While many were asleep, and some were tucking into burritos, a small army was packed inside Rickshaw Stop to welcome Jorja Smith on her San Francisco debut. Aaron Axelsen’s Popscene is known for bringing exceptional talent to the Bay Area, and nineteen-year-old Jorja Smith, who placed fourth on the BBC’s sound of 2017 list is no exception. Rickshaw Stop felt full to the brim, and for good reason.
After a bit of jostling and 2-stepping between people dancing, I find a tiny space just big enough to fit me at least until the show starts. The woman to my right grabs her bag a little closer, the one to my left dances around to the music, her bangs glistening each time a stage light or the glitter ball catches her hair. A guy to my front nervously tries to avoid the fact he’s one of the tallest people in the room, it was a cross-section of music lovers on display. Around 11 pm, the band went on stage under the veil of darkness, shortly followed by the woman of the moment.
The British singer-songwriter, originally from Walsall and now residing in London, has an unassuming presence on stage. As she sung her voice seemed to weave its way through the music, feeling complementary to the sounds around her, like the way ice melts into whiskey to sweeten and accentuate the flavors. The band filled the space which often exists in her recorded music to provide a fuller and more impassioned listen. Her fusion of subtle R&B with soul and songwriter undertones felt grander. Songs like “Where Did I Go” had an extra funk to them as she performed.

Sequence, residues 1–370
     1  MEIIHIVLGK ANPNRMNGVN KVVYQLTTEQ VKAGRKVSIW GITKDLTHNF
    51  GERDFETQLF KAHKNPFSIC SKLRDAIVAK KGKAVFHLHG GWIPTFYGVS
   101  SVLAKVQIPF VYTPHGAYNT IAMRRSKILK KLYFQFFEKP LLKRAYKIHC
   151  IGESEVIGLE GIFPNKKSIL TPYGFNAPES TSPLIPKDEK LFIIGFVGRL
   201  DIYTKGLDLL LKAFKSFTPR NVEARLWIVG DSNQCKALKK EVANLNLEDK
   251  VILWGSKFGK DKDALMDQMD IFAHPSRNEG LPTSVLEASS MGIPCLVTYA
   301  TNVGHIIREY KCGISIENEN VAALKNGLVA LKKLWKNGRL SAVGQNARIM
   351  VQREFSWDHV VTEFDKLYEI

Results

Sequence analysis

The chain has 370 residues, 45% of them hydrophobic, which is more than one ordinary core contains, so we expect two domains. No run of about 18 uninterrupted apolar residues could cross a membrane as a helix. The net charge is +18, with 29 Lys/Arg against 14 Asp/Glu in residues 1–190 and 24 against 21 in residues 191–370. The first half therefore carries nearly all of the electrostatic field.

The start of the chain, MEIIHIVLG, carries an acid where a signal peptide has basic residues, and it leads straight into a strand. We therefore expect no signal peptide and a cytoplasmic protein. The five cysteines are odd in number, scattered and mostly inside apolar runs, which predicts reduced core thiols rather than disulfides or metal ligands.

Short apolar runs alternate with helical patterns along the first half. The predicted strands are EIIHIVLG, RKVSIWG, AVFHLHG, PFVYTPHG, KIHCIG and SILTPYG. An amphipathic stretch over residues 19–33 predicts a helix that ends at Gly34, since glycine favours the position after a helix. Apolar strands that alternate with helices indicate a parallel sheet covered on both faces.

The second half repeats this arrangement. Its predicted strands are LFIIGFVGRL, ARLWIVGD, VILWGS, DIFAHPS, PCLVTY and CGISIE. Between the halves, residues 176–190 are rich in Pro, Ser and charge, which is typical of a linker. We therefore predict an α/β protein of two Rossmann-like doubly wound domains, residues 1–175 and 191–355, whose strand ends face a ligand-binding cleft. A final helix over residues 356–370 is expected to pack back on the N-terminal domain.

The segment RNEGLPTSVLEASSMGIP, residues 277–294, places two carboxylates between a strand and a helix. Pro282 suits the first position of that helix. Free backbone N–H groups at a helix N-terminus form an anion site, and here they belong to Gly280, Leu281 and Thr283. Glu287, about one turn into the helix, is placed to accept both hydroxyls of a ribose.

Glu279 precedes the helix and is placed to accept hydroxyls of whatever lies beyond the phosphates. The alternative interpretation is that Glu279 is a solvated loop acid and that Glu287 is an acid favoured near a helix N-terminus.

San Francisco songwriter Seth Lael has created a beautiful folk song in “On the Road” – a thoughtful, nostalgic record-keeping of the journey to “get where you need to go.” The video – shot using handmade pinhole lenses – features original footage captured from Treasure Island to Pacifica. Whether riding the trolley, lurking at a protest at City Hall, row-boating on the Bay, or riding the PCH on a scooter, Lael comes across as something of a Bay Area cowboy (a troubadour/transient) with a rich lilt to his voice.
You can tell this video was made by someone who loves San Francisco but also sees her scars. Director Jason Jossefer — a native of the city — created the special pinhole lens (pictured below) mounted on an RED Epic camera. Read More
Sofi Tukker was one of my favorite new acts in 2016 with their deceivingly simple beats and Brazilian folk influences. Sometimes you just want to throw caution to the wind and dance, and they are all about facilitating a good time live. It seems like I wasn’t alone in my admiration as the NYC act also got a nomination for Best Dance Recording from the 59th annual Grammys for their breakout single “Drinkee.”